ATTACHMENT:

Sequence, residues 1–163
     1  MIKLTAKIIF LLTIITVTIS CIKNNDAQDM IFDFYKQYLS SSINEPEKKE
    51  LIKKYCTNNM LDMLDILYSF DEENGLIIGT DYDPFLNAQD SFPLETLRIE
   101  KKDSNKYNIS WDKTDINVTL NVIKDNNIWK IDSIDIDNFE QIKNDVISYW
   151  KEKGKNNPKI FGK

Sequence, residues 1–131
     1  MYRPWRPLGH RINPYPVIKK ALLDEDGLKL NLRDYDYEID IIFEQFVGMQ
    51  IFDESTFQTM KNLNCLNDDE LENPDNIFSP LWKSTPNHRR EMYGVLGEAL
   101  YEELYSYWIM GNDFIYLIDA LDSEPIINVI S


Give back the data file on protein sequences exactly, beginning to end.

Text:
Sequence, residues 1–163
     1  MIKLTAKIIF LLTIITVTIS CIKNNDAQDM IFDFYKQYLS SSINEPEKKE
    51  LIKKYCTNNM LDMLDILYSF DEENGLIIGT DYDPFLNAQD SFPLETLRIE
   101  KKDSNKYNIS WDKTDINVTL NVIKDNNIWK IDSIDIDNFE QIKNDVISYW
   151  KEKGKNNPKI FGK

Sequence, residues 1–131
     1  MYRPWRPLGH RINPYPVIKK ALLDEDGLKL NLRDYDYEID IIFEQFVGMQ
    51  IFDESTFQTM KNLNCLNDDE LENPDNIFSP LWKSTPNHRR EMYGVLGEAL
   101  YEELYSYWIM GNDFIYLIDA LDSEPIINVI S